But back the this Christmas cake recipe. I particularly like this one as it makes a lovely, rich and, most importantly, MOIST cake that just keeps maturing and getting better over the holidays. When I first baked one, 20+ years ago, it became an instant  favourite for my dear hubby. This year, the first time ever that we are spending Christmas just the two of us, I suggested what if we skipped the cake. After all, too many sweet things are not good for us at this age, you know. You should have seen hubby’s face of disappointment! Okey, I don’t mind, let’s bake one anyway.

Every year, the cake comes out slightly different. It depends on the amount and type of fruit, and the spirit I use. After many experiments, I must say dark rum works the best for me. But I’ve tried brandy – fine, or like this year, some rum punch from the Île de la Réunion in the Indian Ocean. Look forward to tasting this year’s edition! Another candle-lit baking session, here we go.



  • 240 gr baking margarine (or butter)
  • 240 gr brown sugar
  • 1 1/2 tbs dark syrup
  • 4 eggs
  • 4 dl plain flour
  • 1 tsp baking powder
  • 1 tsp ground cinnamon, cloves and nutmeg
  • 1 tsp vanilla sugar
  • a pinch of salt
  • 2 tbs dark rum (or spirit of your choice)
  • 250 gr mixed dried fruit – cut into small pieces
  • 125 gr raisins
  • 1 tbs candied orange peel
  • 1 dl crushed hazelnuts
  • 3 slices of tinned pineapple – cut into chunks
  • c. 20 red and green candied cherries



  • Cream the butter and brown sugar.
  • Add the syrup and eggs, one at a time. Add about 1 tbs of flour with each egg to prevent curdling.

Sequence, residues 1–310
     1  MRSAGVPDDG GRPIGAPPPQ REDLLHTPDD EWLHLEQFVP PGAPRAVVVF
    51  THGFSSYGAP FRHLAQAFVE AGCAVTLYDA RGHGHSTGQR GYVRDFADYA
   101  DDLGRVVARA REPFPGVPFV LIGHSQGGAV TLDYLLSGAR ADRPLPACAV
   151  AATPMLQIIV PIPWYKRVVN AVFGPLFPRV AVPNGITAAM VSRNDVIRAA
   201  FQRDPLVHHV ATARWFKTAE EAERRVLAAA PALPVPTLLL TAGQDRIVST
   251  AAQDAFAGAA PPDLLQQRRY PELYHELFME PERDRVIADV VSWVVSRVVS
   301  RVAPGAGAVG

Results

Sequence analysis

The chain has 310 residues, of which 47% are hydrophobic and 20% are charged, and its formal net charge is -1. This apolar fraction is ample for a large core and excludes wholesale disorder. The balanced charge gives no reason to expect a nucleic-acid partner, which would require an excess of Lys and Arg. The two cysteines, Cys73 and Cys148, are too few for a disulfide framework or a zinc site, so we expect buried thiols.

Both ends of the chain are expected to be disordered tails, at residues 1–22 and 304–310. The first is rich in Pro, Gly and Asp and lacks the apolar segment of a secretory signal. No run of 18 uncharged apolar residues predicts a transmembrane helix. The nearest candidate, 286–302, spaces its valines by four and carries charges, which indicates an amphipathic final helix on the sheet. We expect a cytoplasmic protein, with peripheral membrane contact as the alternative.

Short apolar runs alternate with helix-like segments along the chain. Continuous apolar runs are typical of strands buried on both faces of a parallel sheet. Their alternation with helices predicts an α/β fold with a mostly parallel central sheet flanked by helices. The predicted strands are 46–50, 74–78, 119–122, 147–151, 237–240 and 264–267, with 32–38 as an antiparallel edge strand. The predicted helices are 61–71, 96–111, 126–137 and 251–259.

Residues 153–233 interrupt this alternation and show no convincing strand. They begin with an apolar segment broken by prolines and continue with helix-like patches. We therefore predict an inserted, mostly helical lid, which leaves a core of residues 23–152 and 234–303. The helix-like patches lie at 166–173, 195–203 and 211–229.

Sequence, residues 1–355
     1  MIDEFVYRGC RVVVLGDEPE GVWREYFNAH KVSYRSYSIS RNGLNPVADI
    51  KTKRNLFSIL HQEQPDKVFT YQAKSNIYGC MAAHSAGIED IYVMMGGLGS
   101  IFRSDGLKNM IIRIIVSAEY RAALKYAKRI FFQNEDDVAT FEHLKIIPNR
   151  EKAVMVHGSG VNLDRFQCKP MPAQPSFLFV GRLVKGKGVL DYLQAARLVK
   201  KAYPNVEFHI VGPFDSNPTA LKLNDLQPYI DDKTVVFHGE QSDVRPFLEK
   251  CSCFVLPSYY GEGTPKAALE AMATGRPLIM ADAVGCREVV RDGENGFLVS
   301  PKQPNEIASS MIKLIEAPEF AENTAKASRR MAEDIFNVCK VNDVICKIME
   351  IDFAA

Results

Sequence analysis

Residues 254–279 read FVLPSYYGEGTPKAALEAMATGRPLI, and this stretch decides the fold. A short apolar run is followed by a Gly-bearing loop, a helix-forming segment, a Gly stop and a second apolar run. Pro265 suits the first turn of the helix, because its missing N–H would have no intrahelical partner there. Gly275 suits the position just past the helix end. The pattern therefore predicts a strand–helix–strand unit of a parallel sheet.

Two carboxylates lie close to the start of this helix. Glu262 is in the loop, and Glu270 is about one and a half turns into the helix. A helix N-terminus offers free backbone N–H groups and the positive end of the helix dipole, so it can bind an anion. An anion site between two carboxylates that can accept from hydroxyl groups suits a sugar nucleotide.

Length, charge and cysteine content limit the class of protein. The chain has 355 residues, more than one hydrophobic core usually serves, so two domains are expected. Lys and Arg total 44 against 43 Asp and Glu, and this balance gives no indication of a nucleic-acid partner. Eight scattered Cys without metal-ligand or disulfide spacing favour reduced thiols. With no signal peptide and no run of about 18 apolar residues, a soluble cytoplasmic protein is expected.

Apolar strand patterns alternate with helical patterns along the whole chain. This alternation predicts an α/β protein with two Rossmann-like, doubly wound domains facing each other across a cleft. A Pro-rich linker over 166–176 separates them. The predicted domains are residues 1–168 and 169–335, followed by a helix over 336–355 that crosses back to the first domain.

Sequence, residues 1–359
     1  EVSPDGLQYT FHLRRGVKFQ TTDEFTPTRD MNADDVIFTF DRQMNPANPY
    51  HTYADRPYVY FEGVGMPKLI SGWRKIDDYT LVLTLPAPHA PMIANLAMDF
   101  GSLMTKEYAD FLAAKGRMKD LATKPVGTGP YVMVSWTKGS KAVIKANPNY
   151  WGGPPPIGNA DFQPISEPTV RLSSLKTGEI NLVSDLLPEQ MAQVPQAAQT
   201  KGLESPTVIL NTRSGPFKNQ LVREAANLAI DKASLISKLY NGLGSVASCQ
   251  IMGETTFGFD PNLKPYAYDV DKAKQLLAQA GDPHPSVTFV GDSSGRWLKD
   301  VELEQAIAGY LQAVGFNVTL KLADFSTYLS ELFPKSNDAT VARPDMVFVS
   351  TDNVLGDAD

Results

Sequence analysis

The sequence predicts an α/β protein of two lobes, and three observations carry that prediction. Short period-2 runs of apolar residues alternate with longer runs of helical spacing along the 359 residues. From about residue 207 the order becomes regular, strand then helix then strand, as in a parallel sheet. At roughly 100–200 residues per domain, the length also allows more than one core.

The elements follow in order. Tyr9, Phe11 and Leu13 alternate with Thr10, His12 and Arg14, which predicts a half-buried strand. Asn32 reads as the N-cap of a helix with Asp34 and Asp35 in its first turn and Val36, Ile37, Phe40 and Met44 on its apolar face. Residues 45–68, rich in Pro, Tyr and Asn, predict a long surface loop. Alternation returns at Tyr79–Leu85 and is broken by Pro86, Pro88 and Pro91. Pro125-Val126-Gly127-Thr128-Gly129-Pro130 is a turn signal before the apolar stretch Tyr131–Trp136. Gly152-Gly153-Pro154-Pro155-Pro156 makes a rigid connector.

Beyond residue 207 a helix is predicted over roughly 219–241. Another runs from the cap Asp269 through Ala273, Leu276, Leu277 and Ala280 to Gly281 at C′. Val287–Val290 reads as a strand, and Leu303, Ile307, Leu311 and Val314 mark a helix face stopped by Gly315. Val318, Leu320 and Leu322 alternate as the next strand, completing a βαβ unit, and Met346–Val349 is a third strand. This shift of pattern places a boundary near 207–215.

• Mix the flour and baking powder, dry spices, vanilla and salt. Add to the mixture.
  • Add all the fruit, the nuts and the spirit.
  • Spoon half of the mixture into a traditional round cake tin that has been carefully buttered and dusted with breadcrumbs.
  • Even the surface and stick the candied cherries in the middle. Then spoon in the rest of the mixture.
  • Bake in 150 degrees Celsius for 1.5 hours.
  • Leave to cool in the tin for a while before removing it onto a tin foil. Let it cool down properly overnight, before wrapping it in the foil, and placing in the fridge.
  • Let the cake “mature” for preferably at least one week before cutting the first slices.


I wish I had a “scratch and smell” picture here as the spicy, aromatic, Christmasy smell filling our kitchen was so very inviting and festive. The sort of family memory that will hopefully stay in everybody’s minds for ever!



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Christmas baking: almond crescents